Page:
Backers of the campus carry bill say they don’t want to change the bill – but are willing to talk about it WXIA
Firearms laws are the topic of a planned discussion at Missouri State University featuring two state lawmakers.
The event, co-hosted by MSU and Be Civil Be Heard, is scheduled for 7 p.m. on Nov. 27 in the Plaster Student Union Theater. Reps. Crystal Quade, D-Springfield, and Jered Taylor, R-Nixa, will be on hand.
“Where should, and shouldn’t, guns be allowed? What restrictions should be placed on gun ownership?” asks a news release. “These are questions that have been hotly debated in Missouri and across the nation.”
Taylor carried a bill last session to allow people with permits for carrying concealed weapons to bring firearms into places now considered gun-free zones, such as colleges, bars, casinos, churches and hospitals. Taylor and others have said gun-free zones are dangerous because they create easy targets.
Taylor and Quade both said campus carry — which is part of Taylor’s bill, and which Quade opposes — was one topic they expected to come up.
Missouri is one of 16 states that ban concealed weapons on campus, according to the National Conference of State Legislatures.
Taylor’s bill was passed by a committee last year but did not make it to the House floor. He said he planned to refile that bill with some small changes.
Gun safety restrictions related to recent mass shootings might also be discussed, Taylor said.
Elizabeth Dudash-Buskirk, a socio-political communication professor at MSU and the event organizer, said potential nuances up for debate include the level of control individual schools could have and the differences between college, high school and elementary school.
“It’s been an absolute pleasure working with these two state representatives so far,” Dudash-Buskirk said. “They have been cooperative and willing and open. I could not have asked for better citizen advocates.”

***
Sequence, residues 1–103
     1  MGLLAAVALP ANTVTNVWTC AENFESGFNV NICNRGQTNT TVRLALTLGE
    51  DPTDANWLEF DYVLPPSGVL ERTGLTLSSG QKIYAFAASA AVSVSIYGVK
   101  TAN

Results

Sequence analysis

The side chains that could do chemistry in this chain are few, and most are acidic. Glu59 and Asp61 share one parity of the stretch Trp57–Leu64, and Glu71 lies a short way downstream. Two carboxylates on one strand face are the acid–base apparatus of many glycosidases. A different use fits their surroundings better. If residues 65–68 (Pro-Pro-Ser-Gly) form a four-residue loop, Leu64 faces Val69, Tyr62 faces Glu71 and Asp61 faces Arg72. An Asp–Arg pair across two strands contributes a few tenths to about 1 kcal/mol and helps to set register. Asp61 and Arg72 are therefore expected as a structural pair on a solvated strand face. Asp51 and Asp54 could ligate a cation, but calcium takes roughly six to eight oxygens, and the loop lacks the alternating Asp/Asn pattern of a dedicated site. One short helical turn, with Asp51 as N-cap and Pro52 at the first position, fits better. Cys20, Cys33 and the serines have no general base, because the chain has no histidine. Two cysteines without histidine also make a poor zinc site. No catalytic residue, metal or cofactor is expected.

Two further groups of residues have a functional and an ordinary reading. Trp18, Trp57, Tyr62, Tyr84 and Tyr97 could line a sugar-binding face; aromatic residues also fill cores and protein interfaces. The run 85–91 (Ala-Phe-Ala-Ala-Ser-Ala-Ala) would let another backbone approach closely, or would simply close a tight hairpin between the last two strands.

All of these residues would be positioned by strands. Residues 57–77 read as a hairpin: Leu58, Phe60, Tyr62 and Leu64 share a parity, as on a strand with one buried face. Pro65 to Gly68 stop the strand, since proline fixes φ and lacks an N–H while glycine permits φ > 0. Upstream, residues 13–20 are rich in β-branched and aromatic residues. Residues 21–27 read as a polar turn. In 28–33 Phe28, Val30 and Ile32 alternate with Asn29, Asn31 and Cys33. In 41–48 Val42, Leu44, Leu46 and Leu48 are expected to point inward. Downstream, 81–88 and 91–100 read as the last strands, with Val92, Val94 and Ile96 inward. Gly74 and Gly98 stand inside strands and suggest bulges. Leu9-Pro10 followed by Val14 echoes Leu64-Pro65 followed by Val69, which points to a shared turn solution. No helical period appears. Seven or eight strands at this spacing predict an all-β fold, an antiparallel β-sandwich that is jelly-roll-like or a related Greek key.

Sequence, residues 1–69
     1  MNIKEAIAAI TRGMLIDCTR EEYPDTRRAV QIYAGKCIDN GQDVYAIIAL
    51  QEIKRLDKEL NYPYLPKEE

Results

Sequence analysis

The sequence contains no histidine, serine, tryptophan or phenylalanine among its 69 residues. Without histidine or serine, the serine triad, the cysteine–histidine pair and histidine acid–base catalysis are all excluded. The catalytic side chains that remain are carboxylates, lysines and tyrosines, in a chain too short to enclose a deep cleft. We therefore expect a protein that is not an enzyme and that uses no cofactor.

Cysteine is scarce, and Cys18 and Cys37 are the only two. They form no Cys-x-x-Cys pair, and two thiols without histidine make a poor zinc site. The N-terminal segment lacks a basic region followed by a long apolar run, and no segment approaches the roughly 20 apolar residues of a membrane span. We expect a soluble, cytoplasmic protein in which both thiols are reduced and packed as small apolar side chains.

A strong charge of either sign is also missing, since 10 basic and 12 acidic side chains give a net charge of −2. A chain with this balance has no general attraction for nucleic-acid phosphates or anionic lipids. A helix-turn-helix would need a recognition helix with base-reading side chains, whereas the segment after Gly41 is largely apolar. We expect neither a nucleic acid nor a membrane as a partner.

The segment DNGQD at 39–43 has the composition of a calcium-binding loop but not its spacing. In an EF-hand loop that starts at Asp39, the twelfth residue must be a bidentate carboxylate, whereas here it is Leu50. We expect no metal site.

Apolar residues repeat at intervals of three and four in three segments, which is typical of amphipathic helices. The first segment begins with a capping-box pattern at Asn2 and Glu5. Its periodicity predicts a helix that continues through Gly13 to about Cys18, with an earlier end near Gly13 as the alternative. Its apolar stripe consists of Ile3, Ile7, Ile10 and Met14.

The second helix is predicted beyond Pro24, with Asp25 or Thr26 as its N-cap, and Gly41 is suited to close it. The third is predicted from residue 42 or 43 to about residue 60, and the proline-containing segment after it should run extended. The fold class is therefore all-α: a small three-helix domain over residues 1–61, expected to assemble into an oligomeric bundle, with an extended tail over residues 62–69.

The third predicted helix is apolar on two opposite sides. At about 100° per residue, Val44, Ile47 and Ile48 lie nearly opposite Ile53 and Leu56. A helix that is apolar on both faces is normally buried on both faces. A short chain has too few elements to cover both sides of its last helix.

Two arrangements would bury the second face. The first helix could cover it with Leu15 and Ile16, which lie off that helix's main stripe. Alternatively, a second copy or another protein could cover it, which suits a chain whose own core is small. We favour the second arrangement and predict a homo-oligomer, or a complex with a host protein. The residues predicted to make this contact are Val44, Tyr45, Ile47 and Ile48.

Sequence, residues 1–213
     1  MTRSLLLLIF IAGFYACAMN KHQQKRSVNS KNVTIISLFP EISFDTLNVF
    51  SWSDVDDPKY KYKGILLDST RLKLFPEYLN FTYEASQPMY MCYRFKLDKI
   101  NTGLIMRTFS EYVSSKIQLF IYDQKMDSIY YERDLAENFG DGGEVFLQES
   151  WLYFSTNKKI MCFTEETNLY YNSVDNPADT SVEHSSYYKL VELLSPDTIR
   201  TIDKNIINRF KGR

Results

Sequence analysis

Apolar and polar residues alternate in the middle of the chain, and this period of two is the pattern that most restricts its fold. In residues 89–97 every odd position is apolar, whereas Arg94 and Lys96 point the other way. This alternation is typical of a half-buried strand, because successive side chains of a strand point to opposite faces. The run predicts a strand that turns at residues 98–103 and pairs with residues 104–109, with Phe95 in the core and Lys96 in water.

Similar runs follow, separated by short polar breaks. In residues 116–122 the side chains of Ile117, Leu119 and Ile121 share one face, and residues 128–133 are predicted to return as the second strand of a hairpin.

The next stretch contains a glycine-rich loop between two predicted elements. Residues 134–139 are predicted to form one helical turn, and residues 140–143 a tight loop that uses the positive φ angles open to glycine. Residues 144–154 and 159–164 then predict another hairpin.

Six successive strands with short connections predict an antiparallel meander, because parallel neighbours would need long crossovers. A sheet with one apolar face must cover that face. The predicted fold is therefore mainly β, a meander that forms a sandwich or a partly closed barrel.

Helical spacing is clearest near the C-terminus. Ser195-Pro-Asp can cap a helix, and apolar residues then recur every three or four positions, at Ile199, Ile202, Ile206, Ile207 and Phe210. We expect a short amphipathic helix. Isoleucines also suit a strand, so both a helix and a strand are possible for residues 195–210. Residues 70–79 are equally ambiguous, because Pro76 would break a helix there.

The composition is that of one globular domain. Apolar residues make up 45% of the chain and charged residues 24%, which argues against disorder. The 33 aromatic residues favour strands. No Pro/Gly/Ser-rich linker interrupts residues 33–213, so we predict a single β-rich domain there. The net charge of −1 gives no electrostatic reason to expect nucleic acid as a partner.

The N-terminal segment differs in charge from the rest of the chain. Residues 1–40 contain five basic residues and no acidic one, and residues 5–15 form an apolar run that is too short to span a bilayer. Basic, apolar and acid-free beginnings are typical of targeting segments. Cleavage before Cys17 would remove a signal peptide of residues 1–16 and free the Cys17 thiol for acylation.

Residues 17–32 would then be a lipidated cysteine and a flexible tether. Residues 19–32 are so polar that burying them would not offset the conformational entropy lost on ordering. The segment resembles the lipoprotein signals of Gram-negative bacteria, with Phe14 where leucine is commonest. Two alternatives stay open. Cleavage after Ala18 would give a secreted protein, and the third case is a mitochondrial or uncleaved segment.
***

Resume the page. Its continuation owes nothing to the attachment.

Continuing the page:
Other topics could be submitted by audience members. The event is “civility-certified” and participants are asked to abide by rules such as being respectful, inclusive and accountable. The full list of rules is available at becivilbeheard.org.
Other gun-related proposals from last session included bills that would:
- Allow people who are authorized to carry firearms to sue businesses that prohibit guns on their premises if injured in a gun-free zone (Rep. Nick Schroer, R-O’Fallon)
- Create a specific docket in a Kansas City-area court for people charged with weapons offenses (Rep. Kevin Corlew, R-Kansas City)
- Require people who lose a gun to report the loss or theft of the firearm to local law enforcement within three days (Rep. Bruce Franks, D-St. Louis)
- Criminalize the sale of guns to anyone on the federal No Fly List (Rep. Doug Beck, D-St. Louis County)
- Require all firearm sales and transfers to be conducted through licensed firearm dealers (Rep. Stacey Newman, D-St. Louis County)
- Prevent sales of firearm ammunition to minors (Newman)
- Require people to obtain permits from their local sheriff before buying a gun (Newman)
- Allow people who do not properly secure firearms to be charged with endangering the welfare of a child (Newman)
- Put limits on firearms possession for people guilty of domestic violence offenses (Newman)
- Require people who buy firearms to meet with people affected by gun violence and other provisions (Newman)
- Allow federally-licensed firearms dealers to skip running a background check when selling to people with valid CCW permits (Rep. Andrew McDaniel, R-Deering)
- Allow lawful gun-owners to store and transport firearms in private vehicles parked in garages or lots and exempt them from legal liability (Rep. Justin Hill, R-Lake St. Louis)
- Bar people convicted of or subject to court orders related to domestic violence from owning guns (McCreery)
- Create an income tax deduction up to $500 for the cost of firearms education (Rep. Steven Roberts, D-St. Louis)
- Decriminalize possession of a concealed firearm in certain locations (Moon)
- Make it a crime to fail to prevent illegal gun possession or notify a school of firearm ownership (Sen. Maria Chappelle-Nadal, D-University City)
- Make it a felony to sell a handgun without waiting a day or receiving the results of a criminal background check (Sen. Jill Schupp, D-St. Louis County).